A summary of the influence of exogenous estrogen administration across the lifespan on the GH/IGF-1 axis and implications for bone health

Emily A. Southmayd, Mary Jane De Souza

Research output: Contribution to journalReview article

8 Citations (Scopus)

Abstract

Bone growth, development, and remodeling are modulated by numerous circulating hormones. Throughout the lifespan, the extent to which each of the hormones impacts bone differs. Understanding the independent and combined impact of these hormones on controlling bone remodeling allows for the development of more informed decision making regarding pharmacology, specifically the use of hormonal medication, at all ages. Endocrine control of bone health in women is largely dictated by the growth hormone (GH)/insulin-like growth factor-1 (IGF-1) axis and the hypothalamic-pituitary-ovarian (HPO) axis. Growth hormone, secreted from the pituitary gland, stimulates cells in almost every tissue to secrete IGF-1, although the majority of circulating IGF-1 is produced hepatically. Indeed, systemic IGF-1 concentrations have been found to be correlated with bone mineral density (BMD) in both pre- and post-menopausal women and is often used as a marker of bone formation. Sex steroids produced by the ovaries, namely estradiol, mediate bone resorption through binding to estrogen receptors on osteoclasts and osteoblasts. Specifically, by increasing osteoclast apoptosis and decreasing osteoblast apoptosis, adequate estrogen levels prevent excessive bone resorption, which helps to explain the rapid decline in bone mass that occurs with the menopausal decrease in estrogen production. Though there are documented correlations between endogenous estrogen concentrations and GH/IGF-1 dynamics, this relationship changes across the lifespan as sex-steroid dynamics fluctuate and, possibly, as tissue responsiveness to GH stimulation decreases. Aside from the known role of endogenous sex steroids on bone health, the impact of exogenous estrogen administration is of interest, as exogenous formulations further modulate GH and IGF-1 production. However, the effect and extent of GH and IGF-1 modulation seems to be largely dependent on age at administration and route of administration. Specifically, premenopausal women using combined oral contraceptive therapy (COC), post-menopausal women taking oral hormone therapy (HT), and both pre- and post-menopausal women using a transdermal form of estrogen therapy (COC or HT) demonstrate disparate GH/IGF-1 responses to exogenous estrogen. This review serves to summarize what is currently known regarding the influence of exogenous estrogen administration across the lifespan on the GH/IGF-1 axis and implications for bone health.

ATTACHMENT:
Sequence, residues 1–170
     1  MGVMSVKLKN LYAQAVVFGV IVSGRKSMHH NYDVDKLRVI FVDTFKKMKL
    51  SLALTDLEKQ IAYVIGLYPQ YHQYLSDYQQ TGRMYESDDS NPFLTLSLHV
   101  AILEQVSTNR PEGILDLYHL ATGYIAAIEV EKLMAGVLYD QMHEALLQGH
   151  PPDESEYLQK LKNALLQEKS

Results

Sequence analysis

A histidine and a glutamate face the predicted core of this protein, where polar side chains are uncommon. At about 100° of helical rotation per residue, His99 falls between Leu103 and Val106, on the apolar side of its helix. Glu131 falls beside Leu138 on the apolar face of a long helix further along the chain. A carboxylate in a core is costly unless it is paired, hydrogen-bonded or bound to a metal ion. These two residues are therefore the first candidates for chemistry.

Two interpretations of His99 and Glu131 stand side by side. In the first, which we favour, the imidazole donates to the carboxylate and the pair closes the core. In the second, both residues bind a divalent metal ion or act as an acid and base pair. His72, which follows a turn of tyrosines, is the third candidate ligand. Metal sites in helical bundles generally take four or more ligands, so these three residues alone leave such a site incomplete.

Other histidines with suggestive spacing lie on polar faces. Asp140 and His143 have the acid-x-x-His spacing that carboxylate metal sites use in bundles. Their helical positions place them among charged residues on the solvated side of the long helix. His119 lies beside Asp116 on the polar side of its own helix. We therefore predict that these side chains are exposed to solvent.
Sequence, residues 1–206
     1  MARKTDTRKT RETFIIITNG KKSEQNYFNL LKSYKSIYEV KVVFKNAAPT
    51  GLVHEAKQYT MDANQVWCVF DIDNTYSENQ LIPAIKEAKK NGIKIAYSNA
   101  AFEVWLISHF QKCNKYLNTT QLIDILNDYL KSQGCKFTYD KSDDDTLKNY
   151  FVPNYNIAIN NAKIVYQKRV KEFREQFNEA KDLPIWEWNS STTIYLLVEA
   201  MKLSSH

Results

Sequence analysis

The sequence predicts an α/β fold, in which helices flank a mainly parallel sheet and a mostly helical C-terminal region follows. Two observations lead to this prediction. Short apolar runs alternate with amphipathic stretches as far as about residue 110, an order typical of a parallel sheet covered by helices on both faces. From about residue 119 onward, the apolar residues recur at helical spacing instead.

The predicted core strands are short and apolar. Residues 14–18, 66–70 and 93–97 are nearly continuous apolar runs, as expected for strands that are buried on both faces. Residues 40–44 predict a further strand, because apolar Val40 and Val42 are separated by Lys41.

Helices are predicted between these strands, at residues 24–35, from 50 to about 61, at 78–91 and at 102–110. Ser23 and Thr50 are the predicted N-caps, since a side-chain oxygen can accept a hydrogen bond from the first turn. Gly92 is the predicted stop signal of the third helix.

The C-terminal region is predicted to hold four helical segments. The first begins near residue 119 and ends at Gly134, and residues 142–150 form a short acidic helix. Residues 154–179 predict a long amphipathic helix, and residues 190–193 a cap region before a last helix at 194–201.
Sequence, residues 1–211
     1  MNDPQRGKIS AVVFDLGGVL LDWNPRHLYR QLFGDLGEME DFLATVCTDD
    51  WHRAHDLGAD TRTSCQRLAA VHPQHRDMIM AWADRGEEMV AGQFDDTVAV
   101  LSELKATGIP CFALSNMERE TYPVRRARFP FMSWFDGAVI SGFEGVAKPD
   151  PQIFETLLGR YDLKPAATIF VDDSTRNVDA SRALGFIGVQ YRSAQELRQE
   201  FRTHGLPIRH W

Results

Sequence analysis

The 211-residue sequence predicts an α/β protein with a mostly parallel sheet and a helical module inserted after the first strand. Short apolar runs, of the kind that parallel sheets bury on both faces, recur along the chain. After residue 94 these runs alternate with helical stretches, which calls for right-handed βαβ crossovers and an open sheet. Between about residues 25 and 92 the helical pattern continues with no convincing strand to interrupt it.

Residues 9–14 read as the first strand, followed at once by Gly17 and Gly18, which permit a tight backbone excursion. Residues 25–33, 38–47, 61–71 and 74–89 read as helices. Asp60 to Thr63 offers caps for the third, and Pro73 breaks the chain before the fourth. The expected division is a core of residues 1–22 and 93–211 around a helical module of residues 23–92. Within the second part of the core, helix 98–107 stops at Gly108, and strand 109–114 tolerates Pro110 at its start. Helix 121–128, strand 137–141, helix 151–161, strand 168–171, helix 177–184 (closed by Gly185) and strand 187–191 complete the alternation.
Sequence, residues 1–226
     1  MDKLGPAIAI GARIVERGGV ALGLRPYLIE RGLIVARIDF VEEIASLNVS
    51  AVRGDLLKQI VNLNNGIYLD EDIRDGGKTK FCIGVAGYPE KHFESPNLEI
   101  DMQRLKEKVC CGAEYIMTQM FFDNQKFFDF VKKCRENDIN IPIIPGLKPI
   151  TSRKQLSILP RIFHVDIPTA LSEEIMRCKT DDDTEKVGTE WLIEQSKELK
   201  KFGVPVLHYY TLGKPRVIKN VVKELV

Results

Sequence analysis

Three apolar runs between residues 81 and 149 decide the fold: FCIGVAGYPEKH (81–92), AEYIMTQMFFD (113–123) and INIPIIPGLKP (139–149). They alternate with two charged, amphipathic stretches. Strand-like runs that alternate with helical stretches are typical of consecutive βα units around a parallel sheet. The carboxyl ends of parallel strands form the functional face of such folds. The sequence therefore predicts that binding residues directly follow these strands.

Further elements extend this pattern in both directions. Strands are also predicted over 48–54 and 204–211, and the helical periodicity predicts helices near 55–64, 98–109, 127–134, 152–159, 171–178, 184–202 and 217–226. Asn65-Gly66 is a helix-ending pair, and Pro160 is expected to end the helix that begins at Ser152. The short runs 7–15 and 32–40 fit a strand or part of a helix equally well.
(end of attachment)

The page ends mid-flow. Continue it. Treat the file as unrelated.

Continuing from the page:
Original languageEnglish (US)
Pages (from-to)2-13
Number of pages12
JournalGrowth Hormone and IGF Research
Volume32
DOIs
StatePublished - Feb 1 2017

Fingerprint

Somatomedins
Growth Hormone
Estrogens
Bone and Bones
Health
Hormones
Contraceptives, Oral, Combined
Bone Remodeling
Bone Development
Steroids
Osteoclasts
Bone Resorption
Osteoblasts
Apoptosis
Therapeutics
Women's Health
Pituitary Gland
Growth and Development
Osteogenesis
Estrogen Receptors

All Science Journal Classification (ASJC) codes

  • Endocrinology, Diabetes and Metabolism
  • Endocrinology

Cite this

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title = "A summary of the influence of exogenous estrogen administration across the lifespan on the GH/IGF-1 axis and implications for bone health",